The penalties for child abuse in Texas can involve a prison sentence of up to 99 years and a fine of up to $10,000. The penalty level you face after a conviction on a child abuse charge will depend on the type and severity of the abuse.
In Texas, it’s not only the person convicted of the child abuse that could receive jail time and fines – someone who fails to report suspected child abuse could also face significant penalties. These are serious charges, and you and your attorney need to develop an aggressive strategy for defending yourself.
What Is the Definition of Child Abuse?
According to Texas Family Code § 261.001, the definition of child abuse is something that results in mental or emotional injury to a child. Physical injuries fit under the definition of child abuse as well.
Should the child suffer impairment in their growth, development, or psychological functioning, this also constitutes child abuse. In addition, sex trafficking is an aspect of child abuse.
In general, any adult who should protect and care for the child’s well-being but fails to do so and instead causes harm could receive a child abuse charge.
What Is the Maximum Age for a Child Abuse Victim?
If you are facing potential penalties for a child abuse charge in Texas, this means the victim of the alleged abuse is 14 years old or younger. If the abuse charges involve a victim who is 15 or older, they may fit under general assault rather than child abuse.
However, if sexual abuse is a part of the child abuse charge, the definition of a child changes to anyone younger than 17 years of age.
Who Could Receive a Charge of Child Abuse?
Someone who frequently spends time around or takes care of children would have a greater chance of ending up involved in a child abuse case, such as:
- Foster parents
- Adult relatives of the child
- Older siblings of the child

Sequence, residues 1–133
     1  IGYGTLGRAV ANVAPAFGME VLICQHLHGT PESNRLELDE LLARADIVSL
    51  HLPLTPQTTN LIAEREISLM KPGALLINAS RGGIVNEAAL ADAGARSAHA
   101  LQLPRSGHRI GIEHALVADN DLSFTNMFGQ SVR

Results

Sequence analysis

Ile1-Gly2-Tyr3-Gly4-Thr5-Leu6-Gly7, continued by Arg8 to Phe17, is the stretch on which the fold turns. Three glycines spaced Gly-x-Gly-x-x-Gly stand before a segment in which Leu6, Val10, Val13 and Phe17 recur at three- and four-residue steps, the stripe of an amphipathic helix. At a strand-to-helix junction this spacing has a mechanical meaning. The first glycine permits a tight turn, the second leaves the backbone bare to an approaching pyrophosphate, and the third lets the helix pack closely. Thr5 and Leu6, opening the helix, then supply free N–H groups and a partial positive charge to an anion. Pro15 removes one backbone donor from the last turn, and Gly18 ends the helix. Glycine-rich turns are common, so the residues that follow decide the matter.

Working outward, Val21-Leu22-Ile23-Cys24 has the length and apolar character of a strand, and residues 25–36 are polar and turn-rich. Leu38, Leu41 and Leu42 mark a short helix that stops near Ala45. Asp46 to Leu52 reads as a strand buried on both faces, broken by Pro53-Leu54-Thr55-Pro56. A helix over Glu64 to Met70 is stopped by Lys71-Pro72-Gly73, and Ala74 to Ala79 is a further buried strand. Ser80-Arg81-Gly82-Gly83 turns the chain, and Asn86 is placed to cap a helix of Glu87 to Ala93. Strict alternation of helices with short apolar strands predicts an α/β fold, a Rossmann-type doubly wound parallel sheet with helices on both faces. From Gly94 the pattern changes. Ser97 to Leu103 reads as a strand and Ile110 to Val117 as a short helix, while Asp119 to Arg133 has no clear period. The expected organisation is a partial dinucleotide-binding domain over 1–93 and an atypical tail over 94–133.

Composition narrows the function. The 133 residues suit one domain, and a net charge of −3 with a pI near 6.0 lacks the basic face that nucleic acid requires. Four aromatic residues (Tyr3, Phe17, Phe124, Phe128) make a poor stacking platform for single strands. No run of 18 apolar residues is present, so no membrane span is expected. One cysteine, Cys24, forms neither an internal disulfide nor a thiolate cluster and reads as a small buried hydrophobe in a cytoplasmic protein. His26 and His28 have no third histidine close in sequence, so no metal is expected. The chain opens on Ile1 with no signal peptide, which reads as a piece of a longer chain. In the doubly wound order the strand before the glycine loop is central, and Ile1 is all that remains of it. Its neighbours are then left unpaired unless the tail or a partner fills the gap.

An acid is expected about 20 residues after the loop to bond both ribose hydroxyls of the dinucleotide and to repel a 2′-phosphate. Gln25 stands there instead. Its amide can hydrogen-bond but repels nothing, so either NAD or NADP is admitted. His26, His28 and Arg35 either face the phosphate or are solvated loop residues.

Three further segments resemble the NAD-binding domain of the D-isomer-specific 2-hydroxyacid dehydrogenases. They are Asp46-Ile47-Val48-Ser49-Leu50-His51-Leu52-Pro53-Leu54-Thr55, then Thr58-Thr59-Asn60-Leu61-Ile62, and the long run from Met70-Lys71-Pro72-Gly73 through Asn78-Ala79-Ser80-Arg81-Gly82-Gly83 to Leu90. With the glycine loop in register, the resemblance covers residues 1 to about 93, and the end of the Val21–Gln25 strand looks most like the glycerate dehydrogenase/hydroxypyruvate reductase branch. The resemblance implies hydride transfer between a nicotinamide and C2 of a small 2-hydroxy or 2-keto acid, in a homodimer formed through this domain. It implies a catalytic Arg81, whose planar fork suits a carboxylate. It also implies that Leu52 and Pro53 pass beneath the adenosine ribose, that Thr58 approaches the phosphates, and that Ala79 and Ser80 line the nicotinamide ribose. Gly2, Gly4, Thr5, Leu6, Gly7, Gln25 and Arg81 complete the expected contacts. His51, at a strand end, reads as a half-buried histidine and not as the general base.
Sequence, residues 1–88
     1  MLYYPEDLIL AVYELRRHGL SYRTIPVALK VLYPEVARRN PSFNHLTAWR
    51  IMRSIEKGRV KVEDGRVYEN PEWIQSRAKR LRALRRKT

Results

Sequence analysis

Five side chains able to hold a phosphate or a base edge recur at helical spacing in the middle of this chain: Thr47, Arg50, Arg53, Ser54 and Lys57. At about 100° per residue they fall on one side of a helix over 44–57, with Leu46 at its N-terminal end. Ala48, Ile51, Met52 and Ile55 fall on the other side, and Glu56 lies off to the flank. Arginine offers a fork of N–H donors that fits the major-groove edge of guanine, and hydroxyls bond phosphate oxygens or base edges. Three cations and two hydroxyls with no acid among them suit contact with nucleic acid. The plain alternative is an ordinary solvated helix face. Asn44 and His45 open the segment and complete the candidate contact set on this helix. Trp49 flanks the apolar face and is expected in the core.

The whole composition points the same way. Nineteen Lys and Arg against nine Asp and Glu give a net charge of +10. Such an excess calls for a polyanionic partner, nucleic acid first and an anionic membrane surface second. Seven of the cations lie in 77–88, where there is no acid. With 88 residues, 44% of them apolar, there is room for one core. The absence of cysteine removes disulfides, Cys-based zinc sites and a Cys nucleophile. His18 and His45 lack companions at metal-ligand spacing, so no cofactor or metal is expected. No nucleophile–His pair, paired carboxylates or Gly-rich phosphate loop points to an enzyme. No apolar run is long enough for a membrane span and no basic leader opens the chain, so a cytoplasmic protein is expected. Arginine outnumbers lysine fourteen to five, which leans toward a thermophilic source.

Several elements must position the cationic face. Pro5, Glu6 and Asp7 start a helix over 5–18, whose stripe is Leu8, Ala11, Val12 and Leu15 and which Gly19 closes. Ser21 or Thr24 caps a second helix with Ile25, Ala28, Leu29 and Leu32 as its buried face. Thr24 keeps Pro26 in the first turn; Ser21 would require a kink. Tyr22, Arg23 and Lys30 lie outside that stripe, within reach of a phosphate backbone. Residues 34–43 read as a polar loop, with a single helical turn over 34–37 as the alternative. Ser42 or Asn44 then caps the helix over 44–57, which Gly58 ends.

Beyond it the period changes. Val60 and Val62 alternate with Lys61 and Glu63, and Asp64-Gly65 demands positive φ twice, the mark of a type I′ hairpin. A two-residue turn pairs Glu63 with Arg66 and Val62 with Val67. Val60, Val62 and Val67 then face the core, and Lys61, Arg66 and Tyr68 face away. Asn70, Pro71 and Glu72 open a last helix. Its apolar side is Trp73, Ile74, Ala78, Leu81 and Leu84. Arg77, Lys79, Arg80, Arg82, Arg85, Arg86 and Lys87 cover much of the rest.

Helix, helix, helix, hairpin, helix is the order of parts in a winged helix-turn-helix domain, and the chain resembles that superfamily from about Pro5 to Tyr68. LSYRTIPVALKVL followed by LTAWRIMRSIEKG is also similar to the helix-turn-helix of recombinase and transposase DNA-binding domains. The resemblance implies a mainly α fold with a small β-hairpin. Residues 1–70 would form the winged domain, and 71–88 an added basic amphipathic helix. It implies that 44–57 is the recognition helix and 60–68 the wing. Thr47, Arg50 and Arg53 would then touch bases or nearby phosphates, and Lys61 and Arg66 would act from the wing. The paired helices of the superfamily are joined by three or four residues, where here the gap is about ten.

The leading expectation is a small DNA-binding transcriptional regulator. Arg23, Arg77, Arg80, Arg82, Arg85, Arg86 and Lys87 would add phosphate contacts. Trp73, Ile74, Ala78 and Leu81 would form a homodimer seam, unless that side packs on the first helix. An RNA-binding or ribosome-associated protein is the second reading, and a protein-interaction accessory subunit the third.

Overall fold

- Dating partners of the parents
- Personnel at school
- Childcare personnel
- Clergy members
- Sports coaches
- Medical personnel
Specific Penalties for Child Abuse Charges
Child abuse penalties depend on whether the defendant faces misdemeanor or felony charges.
Misdemeanor Child Abuse Penalties in Texas
Some cases of child abuse in Texas will result in misdemeanor charges against the alleged abuser. For a misdemeanor charge, the abuse likely will not involve physical assault. Additionally, someone may receive a misdemeanor charge if the abuse was not intentional.
Misdemeanor charges in Texas generally involve a fine of a few thousand dollars or some jail time.
Felony Child Abuse Penalties in Texas
The prosecutor will consider the defendant’s intent when determining whether felony charges and penalties are appropriate in a particular case. They will also analyze the level of physical or emotional damage the child incurred. Based on these details, these are some of the felony charges related to child abuse:
- First degree: First-degree felonies in Texas have a potential prison sentence of 5 to 99 years and a fine of up to $10,000.
- Second degree: A second-degree felony may carry a prison sentence between 2 and 20 years with a fine of up to $10,000.
- Third degree: A child abuse charge for a third-degree felony may carry a prison sentence of 2 to 10 years and a fine of up to $10,000.
- State jail felony: In Texas, a state jail felony charge may carry jail time between 180 days and 2 years with a fine of up to $10,000.
Failure to Report Suspected Child Abuse
According to the Texas Office of the Attorney General, state law requires professionals who deal with children to report suspected child abuse within 48 hours of discovering it. Should the professional fail to make this report, they could receive a misdemeanor charge that may include a fine of up to $2,000 and jail time for up to 180 days.
In addition, professionals cannot simply notify a supervisor or the child’s parents of the abuse. Under Texas law, they must report the alleged abuse to law enforcement officials.
Our Attorneys Are Ready to Help with Your Defense in Texas
When you find yourself facing child abuse charges, you need to generate a strong defense as quickly as possible to protect your rights and reputation. Randall B. Isenberg spent more than 30 years as a former prosecutor and a state district judge, and he knows the serious nature of these charges.
Some accusations of child abuse may be false or less serious than they appear initially. Still, the authorities take these cases seriously, so you want to give yourself the best opportunity to defend yourself. Our child abuse defense lawyers are here to advocate for you. For a free consultation regarding your case, contact our firm as soon as possible at (214) 696-9253.